Ticket to Ride (North America)

Loy says: “Ticket to Ride is an addictive race to make the most profitable and longest train routes before your opponents do. The rules can be learned in five minutes, but gameplay itself is strategically challenging. Each player has a number of secret routes they are trying to establish, while blocking opponents from doing the same. Trains, cards, and routes have to be collected and set in matching colors, adding to the challenge. This is a family fun game that we love so much, we even play it on our phones.”

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Tokaido

Loy says: “As a graphic designer myself, it’s been a while since I’ve seen a game that satisfies my need for eye candy. Tokaido satisfies and then some. It’s visually stunning and the clear, well-thought design makes learning the game a breeze. Winning it is another matter. As Japanese tourists, players travel the length of the board – in a distinct change of pace, they’re traveling as slowly as possible – and collect tchotchkes, photographs, and fine food along the way. At each stop, players can also choose to donate to temples and visit wild spaces for additional points. The winner is the tourist who has experienced the most that the game has to offer. With lots of combinations, this game is unique each time, and offers an interesting view of Japanese tourism. Our family enjoys the journey.”

 

From the box: “In Tokaido, each player is a traveler crossing the “East sea road”, one of the most magnificent roads of Japan. While traveling, players will meet people, taste fine meals, collect beautiful items, discover great panoramas and visit temples and wild places. At the end of the day, when everyone has arrived at the end of the road you’ll have to be the most initiated traveler – which means that you’ll have to be the one who discovered the most interesting and varied things.”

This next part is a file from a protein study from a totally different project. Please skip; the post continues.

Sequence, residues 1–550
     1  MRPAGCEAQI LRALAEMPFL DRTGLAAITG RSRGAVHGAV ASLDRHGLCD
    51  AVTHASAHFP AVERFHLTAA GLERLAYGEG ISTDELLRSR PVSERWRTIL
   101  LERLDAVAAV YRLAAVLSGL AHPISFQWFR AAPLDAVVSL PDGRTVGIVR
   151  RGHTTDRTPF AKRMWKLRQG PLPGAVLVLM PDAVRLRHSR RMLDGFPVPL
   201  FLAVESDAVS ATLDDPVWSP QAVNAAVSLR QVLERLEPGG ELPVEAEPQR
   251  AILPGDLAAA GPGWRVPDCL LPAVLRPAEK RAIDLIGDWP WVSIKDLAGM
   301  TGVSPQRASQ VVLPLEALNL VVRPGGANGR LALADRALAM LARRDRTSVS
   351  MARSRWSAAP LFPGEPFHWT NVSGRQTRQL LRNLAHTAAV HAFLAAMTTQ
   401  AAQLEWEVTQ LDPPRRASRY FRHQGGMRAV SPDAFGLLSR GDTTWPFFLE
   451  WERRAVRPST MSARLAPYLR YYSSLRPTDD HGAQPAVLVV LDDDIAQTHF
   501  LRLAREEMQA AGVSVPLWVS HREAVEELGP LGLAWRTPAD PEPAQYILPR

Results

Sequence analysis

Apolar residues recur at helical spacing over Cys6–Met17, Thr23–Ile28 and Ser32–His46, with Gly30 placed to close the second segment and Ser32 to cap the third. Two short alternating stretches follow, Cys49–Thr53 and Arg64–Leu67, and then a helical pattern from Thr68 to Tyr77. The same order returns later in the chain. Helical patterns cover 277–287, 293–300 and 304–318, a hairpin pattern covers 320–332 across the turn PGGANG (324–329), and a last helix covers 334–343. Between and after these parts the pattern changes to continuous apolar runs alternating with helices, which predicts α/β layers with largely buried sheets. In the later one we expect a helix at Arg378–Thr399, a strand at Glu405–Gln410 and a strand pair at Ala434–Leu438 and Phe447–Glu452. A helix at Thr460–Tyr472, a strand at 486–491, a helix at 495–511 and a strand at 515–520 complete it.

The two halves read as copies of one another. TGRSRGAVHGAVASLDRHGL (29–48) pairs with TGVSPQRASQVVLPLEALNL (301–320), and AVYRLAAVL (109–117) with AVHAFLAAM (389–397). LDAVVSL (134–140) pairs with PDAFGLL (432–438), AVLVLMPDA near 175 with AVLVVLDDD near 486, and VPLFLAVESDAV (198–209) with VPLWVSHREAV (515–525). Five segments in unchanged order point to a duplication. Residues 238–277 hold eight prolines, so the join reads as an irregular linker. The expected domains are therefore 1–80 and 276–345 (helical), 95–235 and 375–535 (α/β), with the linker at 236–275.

Catan (Original + Expansions)

From the box: “Your adventurous settlers seek to tame the remote but rich isle of Catan. Start by revealing Catan’s many harbors and regions: pastures, fields, mountains, hills, forests, and desert. The random mix creates a different board virtually every time. Guide your settlers to victory by clever trading and cunning development. Use resource combinations— grain, wool, ore, brick, and lumber—to buy handy development cards and build roads, settlements, and cities. Acquire your resources through trades, cards, or lucky dice (even outside your turn). But beware! Someone might cut off your road or buy a monopoly. And you never know when the wily robber might steal some of your precious gains!”

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Risk

Loy says: “Risk is that classic game of conquest. Strategically build and place your armies for battle, team up with opponents, roll the dice to determine victory, and be the last general standing. This can be a simple game of tactics or a complex game of negotiations and allies; it’s all up to you.”

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Munchkin (Classic)

From the box: “In Munchkin, you and your friends compete to kill monsters and grab magic items. And what magic items. Don the Horny Helmet and the Boots of Butt Kicking. Wield the Staff of Napalm or maybe the Chainsaw of Bloody Dismemberment. Start by slaughtering the Potted Plant and the Drooling Slime, and work your way up to the Plutonium Dragon. Everyone begins the game as a Level 1 Human with NO Class (heh-heh) and via cards, they acquire Races (Elf, Dwarf, etc.), Classes (Thief, Wizard, Cleric, etc.), Items, Armor, Potions, and more to combat hideous monsters like the Level 4 Undead Horse, the Level 10 Net Troll, and the Level 14 Unspeakably Awful, Indescribable Horror (very nasty, indeed). The object of the game is to reach Level 10. Levels are acquired via the slaying of monsters and the selling of acquired treasure (1,000 Gold Pieces equals 1 Level). Very silly and a lot of fun!

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